this tour we're going to take a couple months off and finish our songs and demo them and get comfortable with them and then
take them into a studio and record them for our next album.
Brandon: Was there a reason
you guys re-recorded the first song on the album, "To End The Rapture", for the re-release on Hopeless?
Zacky: We really weren't that happy with the sound quality, and we actually re-did "Warmness On The Soul" when
we re-did the intro also. We let Synyster, our new guitarist, solo on the intro because we felt that he needed to be on the
album because he was such an important part of our band at that point and we wanted to show off his skills. Originally, just
the sound quality of the intro didn't do what we had in mind justice and our budget to record was smaller so we kind of got
rushed and we wanted to go back and do it. Especially re-releasing it on Hopeless we wanted to give something a little bit
new, nothing much but we definitely wanted to improve upon it because it had been out for around a year and after listening
to it and just not being happy with it you really want to make it the way you intended.
You guys all go by aliases. What's the purpose behind that?
Zacky: We wanted to put emphasis on the music, not
so much us individually and it kind of hasn't worked that way. I mean it has put emphasis on the music and our music takes
care of that but the stage names have also caused a lot of attention too. We wanted to do it just to be different because
at the time it's not cool.
Brandon: That was one of the things that I thought may have been influenced by European
Black Metal bands like Cradle Of Filth that have also done that.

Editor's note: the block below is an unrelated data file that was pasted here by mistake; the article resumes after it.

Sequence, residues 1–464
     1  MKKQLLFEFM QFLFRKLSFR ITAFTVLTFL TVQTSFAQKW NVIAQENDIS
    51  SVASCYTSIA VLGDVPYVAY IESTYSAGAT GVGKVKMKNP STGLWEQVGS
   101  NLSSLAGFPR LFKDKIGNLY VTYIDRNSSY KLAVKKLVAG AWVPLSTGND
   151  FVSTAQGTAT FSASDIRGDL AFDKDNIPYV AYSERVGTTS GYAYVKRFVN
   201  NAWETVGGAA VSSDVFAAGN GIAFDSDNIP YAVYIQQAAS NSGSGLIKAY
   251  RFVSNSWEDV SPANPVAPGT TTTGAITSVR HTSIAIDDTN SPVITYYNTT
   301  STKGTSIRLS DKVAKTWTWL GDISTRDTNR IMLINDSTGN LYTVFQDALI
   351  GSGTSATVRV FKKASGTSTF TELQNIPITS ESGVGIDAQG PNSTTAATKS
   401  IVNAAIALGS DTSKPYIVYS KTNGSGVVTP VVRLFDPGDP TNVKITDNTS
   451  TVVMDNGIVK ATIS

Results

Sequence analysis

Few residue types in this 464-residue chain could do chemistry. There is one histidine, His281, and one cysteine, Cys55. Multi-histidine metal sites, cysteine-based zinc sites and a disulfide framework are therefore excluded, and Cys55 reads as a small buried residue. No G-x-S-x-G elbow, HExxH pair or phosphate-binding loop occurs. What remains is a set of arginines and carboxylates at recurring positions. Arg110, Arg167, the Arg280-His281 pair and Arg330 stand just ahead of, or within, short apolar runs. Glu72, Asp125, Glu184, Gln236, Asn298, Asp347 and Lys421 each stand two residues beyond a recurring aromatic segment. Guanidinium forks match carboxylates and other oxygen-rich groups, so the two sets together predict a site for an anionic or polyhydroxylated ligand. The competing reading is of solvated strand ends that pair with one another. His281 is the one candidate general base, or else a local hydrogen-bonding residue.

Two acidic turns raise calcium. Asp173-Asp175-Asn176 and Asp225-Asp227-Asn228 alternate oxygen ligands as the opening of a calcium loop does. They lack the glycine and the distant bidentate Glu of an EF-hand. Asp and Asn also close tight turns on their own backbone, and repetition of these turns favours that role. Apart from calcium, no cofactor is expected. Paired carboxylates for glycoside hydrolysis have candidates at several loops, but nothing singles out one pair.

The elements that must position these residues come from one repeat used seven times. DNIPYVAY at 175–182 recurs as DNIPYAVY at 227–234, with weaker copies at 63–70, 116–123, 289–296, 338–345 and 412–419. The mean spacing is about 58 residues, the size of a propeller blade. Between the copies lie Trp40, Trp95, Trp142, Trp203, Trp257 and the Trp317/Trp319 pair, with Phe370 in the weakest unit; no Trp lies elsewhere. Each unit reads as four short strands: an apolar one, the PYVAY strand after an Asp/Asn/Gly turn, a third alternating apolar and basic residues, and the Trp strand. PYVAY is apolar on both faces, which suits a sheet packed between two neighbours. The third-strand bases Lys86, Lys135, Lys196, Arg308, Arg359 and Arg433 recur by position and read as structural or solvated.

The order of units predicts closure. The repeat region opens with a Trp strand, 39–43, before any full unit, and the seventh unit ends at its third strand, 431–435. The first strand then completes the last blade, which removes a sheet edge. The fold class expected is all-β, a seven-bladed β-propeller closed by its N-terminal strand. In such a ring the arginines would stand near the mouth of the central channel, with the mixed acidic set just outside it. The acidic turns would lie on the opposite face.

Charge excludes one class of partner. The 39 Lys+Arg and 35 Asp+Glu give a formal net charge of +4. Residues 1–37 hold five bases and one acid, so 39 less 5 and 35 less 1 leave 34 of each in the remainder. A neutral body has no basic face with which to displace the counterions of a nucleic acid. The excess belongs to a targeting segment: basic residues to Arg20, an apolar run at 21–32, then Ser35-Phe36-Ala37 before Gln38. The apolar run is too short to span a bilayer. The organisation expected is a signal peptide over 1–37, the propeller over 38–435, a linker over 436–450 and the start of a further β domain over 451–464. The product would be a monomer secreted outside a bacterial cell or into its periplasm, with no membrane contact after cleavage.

Zacky: It is definitely because they had the guts
to do it. When you look at like Guns N Roses even, when you see Axel you would never think to call him anything except Axel
and no one hesitates to call Slash, Slash. I mean how many people even know Slash's real name?
Brandon: I've never
even wondered what it was.
Zacky: Exactly. He's Slash. And it's not the name that matters, but once you make the name
it's the music that does it. We figured we're confident enough that someday we hoped people can call us by these names, and
it's happening. People don't know us by other names and that's fine with us, that's what we intended.
You mentioned that you felt like you got criticism for the name thing, have you felt any other criticisms for doing something
different and being diverse.
Zacky: We have. A lot of kids don't know how to deal with stuff like us having a ballad.
Brandon: I think it's rad that you throw in stuff
Zacky: There's so many great bands out there, so many great metal bands who's talent is just unmatchable.
There are so many great punk bands and there are so many great hardcore bands and every other type of music too. We didn't
want to be just mediocre and we wanted to take everything that we'd grown up on and we just wanted to do what we wanted to
do. When we started this band that's exactly what we wanted, we didn't have any intentions of selling albums. I mean it would
be great and we wanted to but we had no intentions of doing anything besides making music that we wanted to make. We were
scared to put the song on the album because we knew it was going to be a tough situation but we're very happy we did and I
think a lot of kids respect us for it.
Brandon: What do you guys think of San Diego? Have you played her before?
Zacky: Since we've been touring nonstop we haven't been to San Diego and we haven't been to too much of the west coast
at all, we played home one time and that was the extent of the west coast since June. But we had played San Diego about two
years ago at the Che' Cafe and one other time at the Che' and at the first show we just really weren't all together and we